One must consider the built-in charm or character of a space etched by history and its inevitable public appeal. Let’s face it, people love to visit buildings with a story. Occupying a space that caters to their imagination and desire to discover something authentic is priceless. No doubt charm and character come at a price; dust, bad pipes, poor insulation, higher energy costs, sound transmission, unlevel floors, etc. But the added value of such a location should not be underestimated. People are drawn to what is comfortable and familiar, like the squeak of an old rocking chair or the sound of a screen door opening. It ties them to something intangible, and the conversation flows as a result. Smart designers understand that, and they know how best to take advantage of those intimate moments and celebrate their positioning within the space.
Every old building has that familiar texture lurking somewhere within its structure. The trick is finding it, understanding why it feels good and celebrating its familiarity in a fresh, new way.
In my experience, the most successful adaptive reuse projects respect the structure’s bones and find ways to integrate their new story with the old one. In my own designs, I try to create respectful contrasts that juxtapose the two stories with the intent of weaving them together. It may seem counterintuitive to take this approach, but creating interesting contrasts is actually the best way to complement each of the stories.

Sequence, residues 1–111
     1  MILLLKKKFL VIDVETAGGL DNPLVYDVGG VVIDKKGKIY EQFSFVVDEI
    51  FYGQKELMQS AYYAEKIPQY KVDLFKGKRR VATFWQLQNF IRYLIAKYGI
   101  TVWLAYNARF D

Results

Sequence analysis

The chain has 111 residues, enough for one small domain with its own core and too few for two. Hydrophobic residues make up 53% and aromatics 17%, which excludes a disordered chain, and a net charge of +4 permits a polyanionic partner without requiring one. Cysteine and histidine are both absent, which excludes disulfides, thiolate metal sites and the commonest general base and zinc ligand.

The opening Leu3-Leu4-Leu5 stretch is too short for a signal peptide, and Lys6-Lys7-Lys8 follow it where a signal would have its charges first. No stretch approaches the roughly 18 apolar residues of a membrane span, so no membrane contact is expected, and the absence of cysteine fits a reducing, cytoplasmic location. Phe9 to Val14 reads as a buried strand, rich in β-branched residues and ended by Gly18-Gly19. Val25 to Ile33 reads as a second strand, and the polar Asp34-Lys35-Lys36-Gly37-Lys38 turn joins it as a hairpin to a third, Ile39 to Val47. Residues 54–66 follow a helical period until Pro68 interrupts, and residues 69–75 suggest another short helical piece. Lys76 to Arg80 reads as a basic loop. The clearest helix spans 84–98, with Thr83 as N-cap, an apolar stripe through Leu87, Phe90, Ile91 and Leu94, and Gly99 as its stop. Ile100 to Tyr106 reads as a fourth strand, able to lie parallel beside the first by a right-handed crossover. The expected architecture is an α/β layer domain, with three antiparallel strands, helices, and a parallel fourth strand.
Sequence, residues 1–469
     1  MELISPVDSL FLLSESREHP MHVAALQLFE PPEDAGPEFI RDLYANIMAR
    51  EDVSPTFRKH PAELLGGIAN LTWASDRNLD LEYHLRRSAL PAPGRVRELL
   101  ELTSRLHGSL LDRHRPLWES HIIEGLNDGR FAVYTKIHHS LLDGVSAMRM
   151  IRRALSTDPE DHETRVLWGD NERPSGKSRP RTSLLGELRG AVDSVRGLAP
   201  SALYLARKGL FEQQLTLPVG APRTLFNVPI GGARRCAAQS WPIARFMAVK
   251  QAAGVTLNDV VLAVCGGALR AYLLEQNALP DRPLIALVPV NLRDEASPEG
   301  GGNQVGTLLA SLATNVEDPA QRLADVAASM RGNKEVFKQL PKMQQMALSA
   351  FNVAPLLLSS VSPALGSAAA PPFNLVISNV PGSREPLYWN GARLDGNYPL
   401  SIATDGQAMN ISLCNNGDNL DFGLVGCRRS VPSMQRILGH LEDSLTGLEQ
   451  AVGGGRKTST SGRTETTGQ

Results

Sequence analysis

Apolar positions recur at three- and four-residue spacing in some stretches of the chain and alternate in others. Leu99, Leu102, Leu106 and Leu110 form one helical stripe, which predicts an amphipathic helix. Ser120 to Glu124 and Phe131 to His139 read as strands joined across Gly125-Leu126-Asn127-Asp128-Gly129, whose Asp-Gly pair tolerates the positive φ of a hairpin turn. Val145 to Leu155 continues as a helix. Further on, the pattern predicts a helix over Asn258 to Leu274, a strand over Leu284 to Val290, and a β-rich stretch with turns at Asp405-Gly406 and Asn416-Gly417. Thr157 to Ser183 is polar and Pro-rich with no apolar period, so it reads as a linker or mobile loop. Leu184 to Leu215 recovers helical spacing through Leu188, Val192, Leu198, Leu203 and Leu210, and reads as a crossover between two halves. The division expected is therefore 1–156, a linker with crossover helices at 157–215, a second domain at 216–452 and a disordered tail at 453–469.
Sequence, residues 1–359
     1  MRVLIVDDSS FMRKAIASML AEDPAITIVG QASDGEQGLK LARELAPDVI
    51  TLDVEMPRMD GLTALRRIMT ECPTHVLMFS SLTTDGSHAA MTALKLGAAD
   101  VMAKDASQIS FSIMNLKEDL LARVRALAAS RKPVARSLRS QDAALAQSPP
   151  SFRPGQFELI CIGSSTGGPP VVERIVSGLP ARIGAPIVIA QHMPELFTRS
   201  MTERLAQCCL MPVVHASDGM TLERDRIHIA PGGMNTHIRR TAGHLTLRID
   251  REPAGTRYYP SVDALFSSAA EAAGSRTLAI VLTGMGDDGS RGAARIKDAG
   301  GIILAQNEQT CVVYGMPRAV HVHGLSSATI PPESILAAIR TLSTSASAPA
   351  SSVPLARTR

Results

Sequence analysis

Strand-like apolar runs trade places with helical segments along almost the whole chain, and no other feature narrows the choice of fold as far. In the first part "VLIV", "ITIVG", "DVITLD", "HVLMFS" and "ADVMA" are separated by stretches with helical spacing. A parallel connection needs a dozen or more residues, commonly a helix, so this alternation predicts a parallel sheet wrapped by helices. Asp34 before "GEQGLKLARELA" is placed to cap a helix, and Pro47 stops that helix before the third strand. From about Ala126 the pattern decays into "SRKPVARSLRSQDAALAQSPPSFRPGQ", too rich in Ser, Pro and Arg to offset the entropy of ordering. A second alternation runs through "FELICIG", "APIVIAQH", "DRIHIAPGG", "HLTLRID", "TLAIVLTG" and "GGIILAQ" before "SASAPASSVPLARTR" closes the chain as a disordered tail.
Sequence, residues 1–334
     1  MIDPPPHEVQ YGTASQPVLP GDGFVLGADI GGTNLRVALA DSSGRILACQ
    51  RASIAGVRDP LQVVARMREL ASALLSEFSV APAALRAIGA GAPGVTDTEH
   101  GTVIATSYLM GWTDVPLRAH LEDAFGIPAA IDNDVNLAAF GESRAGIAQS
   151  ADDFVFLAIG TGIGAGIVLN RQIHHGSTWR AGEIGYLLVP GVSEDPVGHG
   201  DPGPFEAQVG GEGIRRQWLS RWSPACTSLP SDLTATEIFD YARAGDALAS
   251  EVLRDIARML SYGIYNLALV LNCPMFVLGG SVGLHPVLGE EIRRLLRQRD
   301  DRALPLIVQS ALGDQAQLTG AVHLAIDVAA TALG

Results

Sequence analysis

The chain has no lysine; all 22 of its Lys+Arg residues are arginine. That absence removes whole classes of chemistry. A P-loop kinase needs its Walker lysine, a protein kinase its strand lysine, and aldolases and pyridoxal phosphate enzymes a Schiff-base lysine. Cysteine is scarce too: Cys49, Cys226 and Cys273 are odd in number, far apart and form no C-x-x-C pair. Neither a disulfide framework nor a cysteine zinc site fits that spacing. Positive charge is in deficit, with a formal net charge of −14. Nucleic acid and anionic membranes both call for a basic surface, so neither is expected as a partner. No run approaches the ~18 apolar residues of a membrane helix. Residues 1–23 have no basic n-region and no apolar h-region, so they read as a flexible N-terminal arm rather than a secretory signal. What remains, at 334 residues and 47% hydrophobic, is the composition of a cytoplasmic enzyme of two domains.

An ultra-modern kitchen inside the shell of a 100-year-old exposed brick and timber building is a striking image and could actually help tell the story of each component. But it’s the ultimate resolution of the tension that exists between these two extremes that creates drama, and that is where the magic lives. The real story is how the two are now linked, and every story is unique. Even the simple conversion of a bank teller’s counter into a craft cocktail bar lends itself to a world of design possibilities and wonderfully contrasting ideologies.
Reconstitution of material demolished as part of the renovation is a great way to continue the heritage of a building as well. Old floor joists turned into host stations, plaster lath woven into banquette screens, transom windows suspended as restroom dividers — the list goes on. But often, these elements can be surprising contributors to the brand development of a restaurant concept. Brick, lumber and steel are often stamped by the state, town or manufacturer they came from. These identifiers can be great inspiration for the names of cocktails, private dining rooms or even the restaurant’s title itself. As an example, I once repurposed steel gussets in a renovation as the principal chandelier for the private dining room that was subsequently named the Carnegie. Such is the great joy of what often turns into an archaeological dig during these types of projects.
There is great freedom in designing a brand-new structure from the ground up. It’s a blank canvas limited only by budget and gravity. But there is something uniquely challenging and blissfully satisfying about reviving and bringing new life to an existing structure. Perhaps it’s the bridging of our past to our present, or simply the reminder that life, death and rebirth are all part of the seasonal human condition. If nothing else, it’s a time stamp on who we are and where we’ve been, and an opportunity to tell our story as human beings.